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Monday, April 15, 2024

Online ‘Content Moderation’ Creates Potential ‘Land Mines’ for SCOTUS

'When I think of Orwellian, I think of the state, not the private sector, not private individuals...'

(Headline USAThe Supreme Court cast doubt Monday on state laws that could affect how social-media publishers such as Facebook, TikTok, Twitter and YouTube regulate content posted by their users.

The cases are among several this term in which the justices could set standards for free speech in the digital age.

In nearly four hours of arguments, several justices questioned aspects of laws adopted by Republican-dominated legislatures and signed by Republican governors in Florida and Texas in 2021.

But they seemed wary of a broad ruling, with Justice Amy Coney Barrett warning of “land mines” she and her colleagues needed to avoid in resolving the two cases.

While the details varied, both laws aimed to address conservative complaints that the social media companies were censoring users based on their viewpoints.

Evidence has since validated many of those concerns, particularly in the leadup and immediate aftermath of the 2020 election, as tech companies colluded directly with intelligence agencies to install Democrat Joe Biden as president by suppressing and outright censoring critical information in the public forum.

Differences on the court Wednesday emerged over how to think about the platforms—as akin to newspapers that have broad free-speech protections; or telephone companies, known as common carriers, that are subject to broader regulation due to the shared infrastructure that many rely on and their semi-public function as essential communications channels.

Chief Justice John Roberts suggested he was in the former camp, saying early in the session, “And I wonder, since we’re talking about the First Amendment, whether our first concern should be with the state regulating what we have called the modern public square?”

Justices Samuel Alito and Clarence Thomas appeared most ready to embrace arguments made by lawyers for the states. Thomas raised the idea that the companies were seeking constitutional protection for “censoring other speech.”

Alito complained about the term “content moderation” that the sites employ to keep material off their platforms.

“Is it anything more than a euphemism for censorship?” he asked, later musing that term struck him as Orwellian.

But Justice Brett Kavanaugh, seemingly more favorable to the companies, took issue with calling the actions of private companies censorship, a term he said should be reserved for restrictions imposed by the government.

“When I think of Orwellian, I think of the state, not the private sector, not private individuals,” Kavanaugh said.

The precise contours of rulings in the two cases were not clear after arguments, although it seemed likely the court would not let the laws take effect.

The justices posed questions about how the laws might affect businesses that are not the primary targets of the laws, including e-commerce sites like Uber and Etsy, as well as email and messaging services.

The cases were among several the justices have grappled with over the past year involving social-media platforms.

Next month, the court will hear an appeal from Louisiana, Missouri and other parties accusing administration officials of pressuring social-media companies to silence conservative points of view.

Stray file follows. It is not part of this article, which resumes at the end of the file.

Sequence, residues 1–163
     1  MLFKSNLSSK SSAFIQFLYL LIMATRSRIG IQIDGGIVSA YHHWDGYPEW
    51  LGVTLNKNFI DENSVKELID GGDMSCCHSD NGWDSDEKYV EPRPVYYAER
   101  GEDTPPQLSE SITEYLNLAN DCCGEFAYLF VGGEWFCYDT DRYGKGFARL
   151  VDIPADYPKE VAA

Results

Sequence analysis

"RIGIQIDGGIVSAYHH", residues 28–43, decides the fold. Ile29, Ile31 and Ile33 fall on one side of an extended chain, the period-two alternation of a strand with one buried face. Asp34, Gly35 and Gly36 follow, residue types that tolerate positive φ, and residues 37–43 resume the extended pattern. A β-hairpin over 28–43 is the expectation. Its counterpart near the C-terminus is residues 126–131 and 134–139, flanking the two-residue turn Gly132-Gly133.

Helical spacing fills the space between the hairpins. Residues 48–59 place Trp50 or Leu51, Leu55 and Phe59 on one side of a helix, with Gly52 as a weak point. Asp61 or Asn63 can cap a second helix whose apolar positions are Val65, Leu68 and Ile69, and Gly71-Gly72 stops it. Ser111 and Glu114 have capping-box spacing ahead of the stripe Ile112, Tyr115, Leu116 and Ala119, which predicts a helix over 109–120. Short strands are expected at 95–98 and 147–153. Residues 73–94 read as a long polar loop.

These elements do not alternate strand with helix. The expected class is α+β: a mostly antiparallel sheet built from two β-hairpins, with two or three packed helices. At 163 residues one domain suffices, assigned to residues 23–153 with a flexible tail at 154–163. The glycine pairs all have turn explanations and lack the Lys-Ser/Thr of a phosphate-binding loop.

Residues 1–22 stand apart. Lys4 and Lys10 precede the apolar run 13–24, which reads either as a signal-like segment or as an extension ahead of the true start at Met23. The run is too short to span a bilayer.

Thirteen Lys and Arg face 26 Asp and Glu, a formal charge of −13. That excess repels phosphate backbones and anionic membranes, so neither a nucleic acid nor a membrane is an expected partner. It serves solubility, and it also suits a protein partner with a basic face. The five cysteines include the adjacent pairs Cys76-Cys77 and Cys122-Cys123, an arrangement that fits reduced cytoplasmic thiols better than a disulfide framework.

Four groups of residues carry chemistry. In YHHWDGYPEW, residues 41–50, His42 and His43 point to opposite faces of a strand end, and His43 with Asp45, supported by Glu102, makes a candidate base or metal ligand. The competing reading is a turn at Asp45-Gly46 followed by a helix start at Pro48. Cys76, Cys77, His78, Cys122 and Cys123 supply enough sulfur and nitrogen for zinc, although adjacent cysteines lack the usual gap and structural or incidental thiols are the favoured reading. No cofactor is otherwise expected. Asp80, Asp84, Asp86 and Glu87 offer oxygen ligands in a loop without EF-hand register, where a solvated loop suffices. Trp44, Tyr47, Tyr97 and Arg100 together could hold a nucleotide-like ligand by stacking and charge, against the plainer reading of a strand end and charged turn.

Two more cases awaiting decision concern whether public officials can block critics from commenting on their social-media accounts, an issue that previously came up in a case involving then-President Donald Trump. The court dismissed the Trump case when his presidential term ended in January 2021.

The Florida and Texas laws were passed in the months following decisions by Facebook and Twitter to cut Trump off over his posts related to the Jan. 6 uprising at the U.S. Capitol.

Trade associations representing the companies sued in federal court, claiming that the laws violated the platforms’ speech rights. One federal appeal struck down Florida’s statute, while another upheld the Texas law. But both are on hold pending the outcome at the Supreme Court.

In a statement when he signed the bill into law, Florida Gov. Ron DeSantis said the measure would be “protection against the Silicon Valley elites.”

When Gov. Greg Abbott signed the Texas law, he said that it was needed to protect free speech in what he termed the new public square.

Social media platforms “are a place for healthy public debate where information should be able to flow freely—but there is a dangerous movement by social media companies to silence conservative viewpoints and ideas,” Abbott said. “That is wrong, and we will not allow it in Texas.”

However, much has changed since then. Elon Musk purchased Twitter and, in addition to changing its official name to X, he eliminated teams focused on content moderation, welcoming back many users previously banned for committing thought-crimes against its far-left dogma.

Lawyers for Trump filed a brief in the Florida case urging the court to uphold the state law.

Still, Solicitor General Elizabeth Prelogar, the Biden administration’s top Supreme Court lawyer, cautioned the court to seek a narrow ruling that blocked the laws.

Prelogar said governments maintain the ability to impose regulations to ensure competition, preserve data privacy and protect consumer interests.

Several left-wing academics and advocacy groups told the court that they viewed the laws at issue in these cases as unconstitutional, but wanted the justices to preserve the government’s ability to regulate social media companies to some extent, provided it only impacted those they disagreed with.

Adapted from reporting by the Associated Press

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